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Climate change and development

Flooding on Cebu, Philippines

Climate change – Time to act

"Climate change is the defining issue of our time – and we are at a defining moment. We have the tools to make our actions effective", says UN Secretary-General António Guterres. "What we still lack – even after the Paris Agreement – is the leadership and the ambition to do what is needed."

The global transformation towards climate-friendly and climate-resilient development has been launched. In 2015, the international community created a political framework for this transformation by adopting the 2030 Agenda for Sustainable Development and the Paris Agreement. Read more

Earth as light bulb
Climate change and development

Our areas of work

NDC Partnership for climate action

The Nationally Determined Contributions (NDCs) are at the heart of the Paris climate agreement. In these NDCs, participating countries specify their emissions reduction and adaptation targets for the period up to 2030. The NDCs will be reviewed and updated every five years, starting in 2020. In order to assist developing countries in implementing their NDCs, in 2016 the BMZ, the German Environment Ministry, the Moroccan government and the World Resources Institute (WRI) initiated the global NDC Partnership. Read more

Two employees between solar systems at Talek Power solar power plant in Kenya

Energy and climate

The sectors of climate and energy are closely interrelated. The energy goal of the 2030 Agenda for Sustainable Development (SDG 7) envisages, by 2030, ensuring universal access to affordable, reliable and modern energy services, substantially increasing the share of renewable energy in the global energy mix, and doubling the global rate of improvement in energy efficiency. Read more

Ulan Bator, Mongolia: Housing development with solar system for water heating. In the background a coal power plant.

Migration and climate

Extreme weather events caused or compounded by climate change, such as storms, flooding and droughts, are turning into a fulminating and direct threat to the livelihoods of many people – for example by causing serious disruption to infrastructure and socio-economic structures.

Many developing countries are particularly hard hit by these effects. They face the challenge of having to avert or reduce or, failing that, at least cushion themselves from the direct consequences of climate change, despite a lack of resources and capacity to do so. As a result, people sometimes are forced to migrate. Read more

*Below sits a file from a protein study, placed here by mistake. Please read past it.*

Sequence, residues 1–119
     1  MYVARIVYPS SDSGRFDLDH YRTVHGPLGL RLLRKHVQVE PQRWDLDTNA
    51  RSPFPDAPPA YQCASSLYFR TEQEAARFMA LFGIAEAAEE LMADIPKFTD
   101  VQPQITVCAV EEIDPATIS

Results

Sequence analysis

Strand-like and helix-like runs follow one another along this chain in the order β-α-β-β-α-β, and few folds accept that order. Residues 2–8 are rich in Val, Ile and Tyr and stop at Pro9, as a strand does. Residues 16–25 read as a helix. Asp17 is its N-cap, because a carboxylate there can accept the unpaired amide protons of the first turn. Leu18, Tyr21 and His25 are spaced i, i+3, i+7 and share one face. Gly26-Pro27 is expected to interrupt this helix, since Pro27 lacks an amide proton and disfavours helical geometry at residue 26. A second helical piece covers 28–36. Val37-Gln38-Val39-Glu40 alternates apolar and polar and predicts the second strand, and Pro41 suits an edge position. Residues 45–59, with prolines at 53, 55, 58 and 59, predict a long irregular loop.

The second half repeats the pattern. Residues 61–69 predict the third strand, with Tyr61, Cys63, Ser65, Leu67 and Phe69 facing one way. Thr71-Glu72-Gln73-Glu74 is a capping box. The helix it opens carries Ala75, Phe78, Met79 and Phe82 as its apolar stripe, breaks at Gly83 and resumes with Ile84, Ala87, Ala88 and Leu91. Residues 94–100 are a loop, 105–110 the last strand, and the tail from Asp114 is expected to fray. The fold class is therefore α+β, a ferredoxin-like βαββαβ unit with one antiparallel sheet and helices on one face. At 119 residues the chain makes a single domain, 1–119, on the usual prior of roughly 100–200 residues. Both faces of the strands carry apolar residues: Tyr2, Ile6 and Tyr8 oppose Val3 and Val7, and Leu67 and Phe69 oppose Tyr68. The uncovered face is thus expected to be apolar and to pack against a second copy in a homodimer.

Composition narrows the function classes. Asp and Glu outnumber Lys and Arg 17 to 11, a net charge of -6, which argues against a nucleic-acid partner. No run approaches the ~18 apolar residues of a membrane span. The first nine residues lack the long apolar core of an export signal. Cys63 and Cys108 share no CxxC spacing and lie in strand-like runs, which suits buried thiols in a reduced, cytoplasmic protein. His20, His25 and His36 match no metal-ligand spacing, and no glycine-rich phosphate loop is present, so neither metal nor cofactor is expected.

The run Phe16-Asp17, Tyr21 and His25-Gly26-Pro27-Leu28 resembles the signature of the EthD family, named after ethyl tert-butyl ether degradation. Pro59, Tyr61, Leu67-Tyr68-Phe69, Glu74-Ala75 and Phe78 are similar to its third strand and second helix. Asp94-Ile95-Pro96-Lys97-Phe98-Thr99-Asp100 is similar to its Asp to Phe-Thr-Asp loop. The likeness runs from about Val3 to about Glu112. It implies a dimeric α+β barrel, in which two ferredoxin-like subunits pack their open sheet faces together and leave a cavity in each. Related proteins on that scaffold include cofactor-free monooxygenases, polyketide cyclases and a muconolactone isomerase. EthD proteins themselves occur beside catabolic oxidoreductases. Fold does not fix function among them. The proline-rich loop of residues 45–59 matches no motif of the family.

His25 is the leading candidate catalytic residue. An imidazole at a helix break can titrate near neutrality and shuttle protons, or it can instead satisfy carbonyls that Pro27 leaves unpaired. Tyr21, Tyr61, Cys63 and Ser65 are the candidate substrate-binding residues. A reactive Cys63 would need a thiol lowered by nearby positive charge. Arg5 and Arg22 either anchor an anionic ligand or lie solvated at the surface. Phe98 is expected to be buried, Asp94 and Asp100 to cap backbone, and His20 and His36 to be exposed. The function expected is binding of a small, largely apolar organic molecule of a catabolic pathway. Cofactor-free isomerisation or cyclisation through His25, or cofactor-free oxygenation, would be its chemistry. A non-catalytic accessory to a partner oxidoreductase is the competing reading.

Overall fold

A man looks at the sea near Nouakchott, Mauritania.

Cities and climate

Towns and cities are driving global warming. They are already responsible for about 75 per cent of energy and resource consumption and energy-related greenhouse gas emissions. Since, by 2050, more than two billion more people than today will be living in cities, it is clear that global climate targets will only be achieved if sustainability is put at the heart of urban development. This is particularly true with regard to urban transport and infrastructure. Because traffic and transport is responsible for a quarter of all energy-related greenhouse gas emissions worldwide. Read more

Sunrise through the smog in Manila, the Philippines

Water and climate

Water is life – and, for people, animals, plants, and for every kind of societal and economic development, it is absolutely essential. Yet water in particular is a sector where the impacts of climate change are immediately evident, especially impacts like water shortages in areas affected by drought or flooding due to heavy rainfall. Read more

The Ngomeni rock water catchment dam in Mwingi district, Kenya, which serves hundreds of households is drying up for the first time in years, according to residents.

Agriculture and climate